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The Ice Wife
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ISBN-10: 1-77115-159-5
Genre: Suspense/Thriller/Fantasy/SF
eBook Length: 141 Pages
Published: February 2014

From inside the flap

Roland Johnson has carried around the guilt of his wifeís death for the past two years, after failing to hold onto her and letting the current of the Snake River carry her away when their canoe tipped over in a freak accident. Losing Choo (her nickname) and abandoned by his friends, he sells his farm in southern Idaho and, after many dreams of Choo in the snow, he decides that heís tired of the stifling heat of the high desert and heads for Alaska to try and shock some meaning into his shattered life.

Stopping in the town of Tok on his way to Fairbanks, he visits the local watering hole and witnesses old Dr. Waller crying in his whiskey about a Veronica Stills, who was the wife of one of his WW2 buddies who had come to Alaska with him just after the war. Tired of the slow progress of the convoy, she had traveled ahead by herself and was never seen again. As Roland listens he cannot shake the feeling that Dr. Waller is somehow familiar to him, but soon realizes that heís also seen the old man in his dreams. His friend Clyde looks disgusted and tells the doctor that he has to let her go already, but this just puts him in a worse state of mind.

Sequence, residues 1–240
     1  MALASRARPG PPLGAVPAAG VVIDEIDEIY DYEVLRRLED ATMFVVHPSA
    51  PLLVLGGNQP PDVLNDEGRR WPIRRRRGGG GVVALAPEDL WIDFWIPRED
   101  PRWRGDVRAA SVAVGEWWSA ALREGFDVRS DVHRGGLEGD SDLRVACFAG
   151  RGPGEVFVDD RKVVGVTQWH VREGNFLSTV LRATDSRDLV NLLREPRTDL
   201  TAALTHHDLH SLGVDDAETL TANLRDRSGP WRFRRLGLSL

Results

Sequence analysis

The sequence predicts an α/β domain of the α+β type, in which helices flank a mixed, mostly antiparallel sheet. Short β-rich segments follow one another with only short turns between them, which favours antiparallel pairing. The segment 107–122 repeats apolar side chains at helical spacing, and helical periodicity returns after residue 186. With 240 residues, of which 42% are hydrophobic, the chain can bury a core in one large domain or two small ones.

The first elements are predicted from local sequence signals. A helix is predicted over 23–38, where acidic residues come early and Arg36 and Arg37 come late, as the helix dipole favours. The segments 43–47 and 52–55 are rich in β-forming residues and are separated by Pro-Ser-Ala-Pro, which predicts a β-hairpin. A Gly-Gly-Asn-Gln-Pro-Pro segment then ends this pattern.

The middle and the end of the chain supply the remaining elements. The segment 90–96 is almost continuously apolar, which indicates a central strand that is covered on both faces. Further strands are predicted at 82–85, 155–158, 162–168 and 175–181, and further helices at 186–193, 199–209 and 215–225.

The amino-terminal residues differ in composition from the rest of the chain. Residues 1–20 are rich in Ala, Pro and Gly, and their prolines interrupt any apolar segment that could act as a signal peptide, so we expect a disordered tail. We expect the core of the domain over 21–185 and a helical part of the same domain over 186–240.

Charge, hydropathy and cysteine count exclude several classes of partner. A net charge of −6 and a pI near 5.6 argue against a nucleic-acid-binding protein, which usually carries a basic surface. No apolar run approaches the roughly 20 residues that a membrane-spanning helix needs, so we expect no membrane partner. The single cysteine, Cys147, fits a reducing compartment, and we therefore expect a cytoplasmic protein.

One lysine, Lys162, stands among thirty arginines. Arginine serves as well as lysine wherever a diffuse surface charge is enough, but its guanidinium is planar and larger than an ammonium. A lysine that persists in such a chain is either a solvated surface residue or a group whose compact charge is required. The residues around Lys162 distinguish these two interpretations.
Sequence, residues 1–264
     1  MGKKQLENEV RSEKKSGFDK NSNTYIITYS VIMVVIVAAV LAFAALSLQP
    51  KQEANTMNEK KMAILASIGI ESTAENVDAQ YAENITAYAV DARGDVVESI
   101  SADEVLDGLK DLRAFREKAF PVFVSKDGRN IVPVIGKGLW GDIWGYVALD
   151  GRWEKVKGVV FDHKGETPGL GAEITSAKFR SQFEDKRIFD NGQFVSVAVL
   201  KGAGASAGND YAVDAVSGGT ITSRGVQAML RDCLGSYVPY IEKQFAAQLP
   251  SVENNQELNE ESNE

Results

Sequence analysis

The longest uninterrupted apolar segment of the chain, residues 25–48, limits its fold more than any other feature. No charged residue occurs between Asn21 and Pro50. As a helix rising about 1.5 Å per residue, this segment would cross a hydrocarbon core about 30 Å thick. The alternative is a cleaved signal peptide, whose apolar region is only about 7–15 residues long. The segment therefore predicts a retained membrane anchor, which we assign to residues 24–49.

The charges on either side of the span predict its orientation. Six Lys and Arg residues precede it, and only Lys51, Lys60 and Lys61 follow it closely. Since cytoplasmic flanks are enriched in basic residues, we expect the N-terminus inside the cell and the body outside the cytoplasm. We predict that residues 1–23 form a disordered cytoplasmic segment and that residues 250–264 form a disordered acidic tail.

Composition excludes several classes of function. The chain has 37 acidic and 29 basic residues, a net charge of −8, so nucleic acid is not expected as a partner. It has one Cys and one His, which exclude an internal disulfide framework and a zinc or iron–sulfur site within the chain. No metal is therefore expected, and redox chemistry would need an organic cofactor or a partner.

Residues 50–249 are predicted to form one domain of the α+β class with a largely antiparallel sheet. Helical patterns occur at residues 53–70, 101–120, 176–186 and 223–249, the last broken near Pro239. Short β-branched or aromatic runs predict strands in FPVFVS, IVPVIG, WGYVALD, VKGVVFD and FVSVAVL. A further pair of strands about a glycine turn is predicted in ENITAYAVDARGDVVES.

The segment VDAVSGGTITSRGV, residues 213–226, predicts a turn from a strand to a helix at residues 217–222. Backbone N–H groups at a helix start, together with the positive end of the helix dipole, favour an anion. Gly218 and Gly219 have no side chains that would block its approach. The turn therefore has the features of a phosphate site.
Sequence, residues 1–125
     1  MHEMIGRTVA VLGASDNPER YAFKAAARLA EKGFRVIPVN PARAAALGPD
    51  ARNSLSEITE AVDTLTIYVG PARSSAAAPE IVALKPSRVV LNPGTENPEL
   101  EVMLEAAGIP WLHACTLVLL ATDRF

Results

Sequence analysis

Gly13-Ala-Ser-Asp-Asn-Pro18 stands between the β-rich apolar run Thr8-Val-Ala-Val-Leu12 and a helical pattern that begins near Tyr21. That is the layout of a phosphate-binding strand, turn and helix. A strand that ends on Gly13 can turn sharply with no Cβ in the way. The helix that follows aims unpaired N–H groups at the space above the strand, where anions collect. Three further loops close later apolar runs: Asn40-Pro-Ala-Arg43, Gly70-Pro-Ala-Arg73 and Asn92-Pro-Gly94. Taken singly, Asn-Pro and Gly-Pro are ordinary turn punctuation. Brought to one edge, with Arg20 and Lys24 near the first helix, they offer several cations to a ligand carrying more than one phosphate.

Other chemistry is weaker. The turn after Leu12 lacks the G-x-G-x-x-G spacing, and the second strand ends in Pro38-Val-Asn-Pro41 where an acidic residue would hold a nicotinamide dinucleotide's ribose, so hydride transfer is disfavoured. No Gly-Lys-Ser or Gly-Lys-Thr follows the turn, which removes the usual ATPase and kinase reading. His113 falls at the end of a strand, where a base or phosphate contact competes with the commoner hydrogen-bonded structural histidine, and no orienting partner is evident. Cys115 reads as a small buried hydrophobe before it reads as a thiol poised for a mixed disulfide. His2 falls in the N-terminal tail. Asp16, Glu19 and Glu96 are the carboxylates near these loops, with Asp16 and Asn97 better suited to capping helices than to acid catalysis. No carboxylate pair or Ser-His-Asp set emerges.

The next morning, with the temperature at -50, Roland checks out of the lodge and heads for Fairbanks and his destiny. After only thirty miles he hits black ice on a corner, which causes him to spin out of control, smash through the guardrail near Yerrick Creek, and end up out of sight under the bridge with his foot caught between the brake pedal and firewall. Unable to escape the car and with the cold seeping in, he is dragged into the world of the Ice Wife, who is what Veronica Stills has become after years of being enslaved by the demon Ohno. Thus begins a day-and-a-half struggle against the cold, Ohno, and a scared Ice Wife, guided by the realmís gatekeeper, a ghostly old native named Siqokte, to free her soul before itís too late. Even his late wife gets involved from the grave.

The Ice Wife (Excerpt)



The tone of the man's voice tugged at Roland's emotions, as though the old Alaskan was not only telling the story but had lived it, too. "We tried," he said. "She

was Bob's wife, you know? Yes sir, and what a wonderful woman she was, too. Oh, poor Ronnie." Suddenly his weathered face seemed to brighten a little. "She's back, you know? Oh, yes, our sweet Veronica is back." But just as quickly as Roland had seen the bar's light twinkle in the old man's sorrowful eyes, it disappeared. "Why did she have to go like that, Lord? And why couldn't we find her? We all loved her so much."

The old-timer whimpered into his shot glass, and somehow managed to toss most of the remaining whiskey down his throat with a shaky jerk of his wrist. He kept his head back as if the liquor were reluctant to slide down his gullet, then exhaled through clenched teeth with a shudder. "We couldn't find her, damn it!" He slumped lower on his stool. "We just couldn't find her."